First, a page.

Chest infections

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About Chest infections

Chest infections are fairly common particularly at certain times of the year and can occur after a cold. 

The severity of chest infections can vary from very mild to very serious infections. 

A chest infection is an infection of the lungs or the large airways of the lungs. This is different to upper respiratory infections, which typically affects your nose or throat and is usually due to a virus. This is like a common cold and just requires some time for your immune infection to fight it off. 

Chest infections can largely be divided into infection of the large airways of the lungs  (Bronchitis) or infection of the lung itself (pneumonia). 

Bronchitis is usually due to a virus however pneumonia is often due to a bacteria and can be more serious. 

Symptoms of a Chest Infection

Symptoms of a chest infection may include a persistent dry or productive cough, shortness or breath, fever, general aches and pains and shortness or breath. There may also be non specific symptoms in including a headache, feeling or your heart beating faster than usual, loss of appetite, general aches and pains and confusion.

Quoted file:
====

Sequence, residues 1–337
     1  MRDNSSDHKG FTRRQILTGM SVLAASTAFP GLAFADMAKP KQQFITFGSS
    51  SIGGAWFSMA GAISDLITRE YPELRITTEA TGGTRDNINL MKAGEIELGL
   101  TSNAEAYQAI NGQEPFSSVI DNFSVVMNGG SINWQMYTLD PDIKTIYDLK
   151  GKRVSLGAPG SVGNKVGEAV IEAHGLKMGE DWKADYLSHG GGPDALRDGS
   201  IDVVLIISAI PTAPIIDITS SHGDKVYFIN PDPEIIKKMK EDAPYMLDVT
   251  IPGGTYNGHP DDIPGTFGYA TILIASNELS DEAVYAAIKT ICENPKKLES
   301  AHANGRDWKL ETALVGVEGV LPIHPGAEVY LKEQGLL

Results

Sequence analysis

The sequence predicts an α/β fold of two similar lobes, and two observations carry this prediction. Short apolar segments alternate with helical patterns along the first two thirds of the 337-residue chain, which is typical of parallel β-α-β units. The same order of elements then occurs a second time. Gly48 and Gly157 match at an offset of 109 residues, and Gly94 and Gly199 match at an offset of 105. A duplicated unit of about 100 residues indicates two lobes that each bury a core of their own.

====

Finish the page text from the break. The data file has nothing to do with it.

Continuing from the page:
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Chest infections are as a result of an infection in the lung or large airways, this may be either a bacteria or a virus. The bacteria or virus is usually passed on from a person that has the infection through the air, for example when someone coughs or sneezes. 

Although chest infections can affect anyone there are certain groups of people that are more likely to develop chest infections, they include people with chronic long term health problems, such as asthma, diabetes etc, the very young and elderly,smokers or people with a reduced immune system- for example patients undergoing cancer treatment, or on certain medications. 

Although chest infections are very common and transmittable there are lots of ways to prevent infection.

Firstly stopping smoking to ensure good lung health is vital.

It is also important to stop transmission of infection through good hygiene; covering your nose or mouth when coughing or sneezing, washing hands regularly and throwing away tissues immediately after use are all effective.

The management of a chest infection will depend on whether the infection is thought to be caused by a virus or a bacteria. 

A viral bout of bronchitis will generally last 7-10 days and does not need antibiotics. If the illness is thought to be pneumonia a course of antibiotics usually treats the infection. 

For both forms of infection, it is important to ensure that you have enough rest and well hydrated and take appropriate medication such as paracetamol, ibuprofen to control any pain and to help manage the temperature. 

Please note that we do not offer Covid-19 medications or Covid-19 vaccinations. Please contact NHS 111 if you feel that this applies to you.  

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